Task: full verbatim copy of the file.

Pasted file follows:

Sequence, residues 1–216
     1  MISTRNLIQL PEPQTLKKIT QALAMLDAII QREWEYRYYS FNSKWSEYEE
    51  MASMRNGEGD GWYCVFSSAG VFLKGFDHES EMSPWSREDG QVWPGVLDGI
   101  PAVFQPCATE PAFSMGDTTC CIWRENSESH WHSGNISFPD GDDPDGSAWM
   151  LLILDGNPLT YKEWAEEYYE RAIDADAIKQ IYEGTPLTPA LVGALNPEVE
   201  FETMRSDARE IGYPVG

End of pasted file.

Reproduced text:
Sequence, residues 1–216
     1  MISTRNLIQL PEPQTLKKIT QALAMLDAII QREWEYRYYS FNSKWSEYEE
    51  MASMRNGEGD GWYCVFSSAG VFLKGFDHES EMSPWSREDG QVWPGVLDGI
   101  PAVFQPCATE PAFSMGDTTC CIWRENSESH WHSGNISFPD GDDPDGSAWM
   151  LLILDGNPLT YKEWAEEYYE RAIDADAIKQ IYEGTPLTPA LVGALNPEVE
   201  FETMRSDARE IGYPVG